Oil hanging on Iranian geopolitical factors

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Iran, Iran and a little bit more Iran has been the main price driver pushing Brent and WTI price to the highest level since May of 2011 when the Libyan civil war was in full swing. Geopolitics drove prices higher in early 2011 and geopolitics are once again driving prices higher in 2012. Tensions rose again yesterday when Iran refused to let the UN IAEA inspectors visit Iran's nuclear sites resulting in this round of inspections and meetings to be deemed a failure. Certainly the actions by Iran yesterday raises concern that Iran has something to hide and what they are hiding might possibly be work toward developing nuclear weapons. The UN communiqué said that there was still no agreement on how to begin the clarification of unresolved issues in connection with Iran's nuclear program, particularly those relating to possible military dimensions. So the tensions continue to rise and the price of oil is continuing to follow higher with each event evolving from the region. Although there have been several conciliatory signals, like the Iranian letter calling for a meeting with the west, the situation between Iran and the west is not getting any better and in fact is deteriorating even further.

The US and European stance is to continue to allow sanctions to work...which they seem to be impacting Iran. That said even if Iran has lost sales of oil and its exports are down (difficult to get a number on this) the price of oil is clearly higher. Since the European's issued their embargo on Iranian crude oil purchases, the price of Brent has risen about $10/bbl and thus Iran's revenue stream is likely to be where it was before the embargo (assuming some lost crude oil sales) or possibly higher if their export volume is still holding. Thus the sanctions may not be having much of an impact on Iran at this point. That does now mean they will not have an impact. However, will the Israelis be willing to wait and see if the sanctions do impact Iran and ultimately serve to change their stance or will Israel's patience run out and result in military action. That is by far the biggest wildcard in this whole situation.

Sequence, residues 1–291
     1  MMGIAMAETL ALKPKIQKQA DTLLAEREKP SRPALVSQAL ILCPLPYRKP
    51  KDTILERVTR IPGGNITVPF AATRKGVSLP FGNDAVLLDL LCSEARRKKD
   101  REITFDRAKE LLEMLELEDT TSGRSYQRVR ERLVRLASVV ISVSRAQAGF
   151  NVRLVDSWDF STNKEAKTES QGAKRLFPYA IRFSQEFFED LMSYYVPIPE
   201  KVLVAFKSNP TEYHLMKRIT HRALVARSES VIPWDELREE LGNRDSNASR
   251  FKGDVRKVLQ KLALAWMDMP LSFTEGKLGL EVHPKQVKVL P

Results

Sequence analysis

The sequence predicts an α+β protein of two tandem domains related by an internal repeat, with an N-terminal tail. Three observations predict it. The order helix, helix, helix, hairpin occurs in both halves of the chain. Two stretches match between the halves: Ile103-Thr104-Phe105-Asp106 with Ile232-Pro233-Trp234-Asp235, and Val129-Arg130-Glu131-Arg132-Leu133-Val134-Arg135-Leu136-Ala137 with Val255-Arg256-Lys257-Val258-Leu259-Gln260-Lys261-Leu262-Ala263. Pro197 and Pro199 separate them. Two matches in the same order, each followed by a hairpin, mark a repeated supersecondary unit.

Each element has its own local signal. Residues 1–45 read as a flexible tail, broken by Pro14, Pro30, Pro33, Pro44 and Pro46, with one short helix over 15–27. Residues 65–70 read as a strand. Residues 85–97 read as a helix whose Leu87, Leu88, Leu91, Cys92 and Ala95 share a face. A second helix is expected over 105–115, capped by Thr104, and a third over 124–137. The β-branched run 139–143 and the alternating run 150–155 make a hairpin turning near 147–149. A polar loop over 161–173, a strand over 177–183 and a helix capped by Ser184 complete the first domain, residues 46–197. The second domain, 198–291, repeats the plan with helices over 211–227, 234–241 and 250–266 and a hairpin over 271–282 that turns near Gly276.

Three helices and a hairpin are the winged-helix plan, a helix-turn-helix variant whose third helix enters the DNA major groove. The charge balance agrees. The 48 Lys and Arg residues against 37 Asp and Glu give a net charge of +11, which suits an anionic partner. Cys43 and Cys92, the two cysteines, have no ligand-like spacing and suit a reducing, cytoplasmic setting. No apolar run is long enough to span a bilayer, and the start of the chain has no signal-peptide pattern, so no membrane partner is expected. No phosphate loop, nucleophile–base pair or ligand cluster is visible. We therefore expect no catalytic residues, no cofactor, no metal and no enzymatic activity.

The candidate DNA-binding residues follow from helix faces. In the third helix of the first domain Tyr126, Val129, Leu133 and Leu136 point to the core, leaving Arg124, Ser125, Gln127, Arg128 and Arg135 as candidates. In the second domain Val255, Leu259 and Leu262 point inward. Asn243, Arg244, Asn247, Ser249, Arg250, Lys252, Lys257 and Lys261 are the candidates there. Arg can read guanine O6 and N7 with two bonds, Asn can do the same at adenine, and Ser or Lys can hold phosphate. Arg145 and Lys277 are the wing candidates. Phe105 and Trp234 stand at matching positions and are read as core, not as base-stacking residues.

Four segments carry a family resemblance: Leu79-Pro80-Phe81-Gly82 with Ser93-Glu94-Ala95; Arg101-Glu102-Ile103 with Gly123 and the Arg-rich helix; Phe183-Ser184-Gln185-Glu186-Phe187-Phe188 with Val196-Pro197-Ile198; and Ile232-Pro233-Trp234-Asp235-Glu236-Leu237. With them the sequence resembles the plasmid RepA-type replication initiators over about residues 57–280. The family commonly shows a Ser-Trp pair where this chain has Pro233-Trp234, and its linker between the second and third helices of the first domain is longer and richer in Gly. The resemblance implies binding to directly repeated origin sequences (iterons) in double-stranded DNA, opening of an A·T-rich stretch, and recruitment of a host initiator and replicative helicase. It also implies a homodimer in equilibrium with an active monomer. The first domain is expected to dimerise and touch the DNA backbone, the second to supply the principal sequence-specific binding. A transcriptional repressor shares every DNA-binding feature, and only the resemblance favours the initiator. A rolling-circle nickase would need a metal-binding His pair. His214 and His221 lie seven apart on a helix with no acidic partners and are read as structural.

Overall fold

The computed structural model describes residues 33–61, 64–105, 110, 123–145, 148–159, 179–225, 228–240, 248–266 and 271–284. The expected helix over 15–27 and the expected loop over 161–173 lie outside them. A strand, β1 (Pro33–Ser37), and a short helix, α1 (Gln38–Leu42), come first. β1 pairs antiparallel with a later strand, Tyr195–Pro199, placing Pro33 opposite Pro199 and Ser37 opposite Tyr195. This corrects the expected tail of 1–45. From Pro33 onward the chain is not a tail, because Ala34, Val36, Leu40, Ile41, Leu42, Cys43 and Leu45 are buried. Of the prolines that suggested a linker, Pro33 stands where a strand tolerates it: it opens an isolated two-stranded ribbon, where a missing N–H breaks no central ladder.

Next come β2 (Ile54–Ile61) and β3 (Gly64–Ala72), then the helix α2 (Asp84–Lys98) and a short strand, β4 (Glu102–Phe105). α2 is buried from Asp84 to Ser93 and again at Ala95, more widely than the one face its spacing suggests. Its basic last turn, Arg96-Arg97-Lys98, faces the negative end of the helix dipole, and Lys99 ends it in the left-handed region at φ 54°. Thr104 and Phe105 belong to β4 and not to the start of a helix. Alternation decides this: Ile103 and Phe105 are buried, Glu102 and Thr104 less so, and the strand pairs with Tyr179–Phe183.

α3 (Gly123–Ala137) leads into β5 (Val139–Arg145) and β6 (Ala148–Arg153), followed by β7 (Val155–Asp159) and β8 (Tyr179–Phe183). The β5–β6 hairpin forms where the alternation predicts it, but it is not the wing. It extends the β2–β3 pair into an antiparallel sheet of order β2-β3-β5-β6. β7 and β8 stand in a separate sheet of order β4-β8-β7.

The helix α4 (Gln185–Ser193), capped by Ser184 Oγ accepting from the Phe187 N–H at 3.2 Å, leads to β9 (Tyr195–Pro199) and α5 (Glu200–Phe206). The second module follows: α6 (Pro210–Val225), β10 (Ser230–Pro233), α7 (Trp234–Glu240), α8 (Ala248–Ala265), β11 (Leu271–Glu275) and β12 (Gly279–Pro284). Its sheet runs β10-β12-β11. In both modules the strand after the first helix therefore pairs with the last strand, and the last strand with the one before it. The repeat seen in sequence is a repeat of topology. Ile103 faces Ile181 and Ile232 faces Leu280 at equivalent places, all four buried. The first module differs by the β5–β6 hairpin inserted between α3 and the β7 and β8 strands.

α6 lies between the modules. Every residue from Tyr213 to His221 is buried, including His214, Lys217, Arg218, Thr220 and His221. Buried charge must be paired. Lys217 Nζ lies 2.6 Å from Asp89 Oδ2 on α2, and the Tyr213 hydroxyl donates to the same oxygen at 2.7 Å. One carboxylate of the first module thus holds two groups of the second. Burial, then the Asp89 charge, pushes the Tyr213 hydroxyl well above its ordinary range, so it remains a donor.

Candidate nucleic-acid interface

So far there is no shortage of oil from anything going on in the Middle East and all of the price gains can be categorized as a risk premium that is widening as the market views the situation as one that could eventually lead to a supply disruption. Certainly if there is military action taken by the Israeli's or preemptively by the Iranians' there will be a supply disruption that is difficult to quantify as well as to determine how long it would last. Simply put if that were the outcome the price of oil would surge to new all-time highs and likely exceed the highs made back in July of 2008. This scenario is the main risk in the oil market and a risk that would not only send oil prices surging but it would have a significant impact on the precarious growth rate of the global economy. Hopefully this is simply a scenario and not one that actually turns out to be a reality.

That all said even with a modest risk premium growing into the price of oil, it may not yet be impacting Iran but it is slowly starting to impact the consuming world economies as inflation risk is rising and the cost of doing business is rising every day. As oil prices continue to rise the likelihood of both the developed and emerging market economies will continue to slow down. Even without a military conflict in the Middle East rising tensions and thus rising oil prices are and will continue to have a negative impact on the global economy...that is the real risk at the moment.

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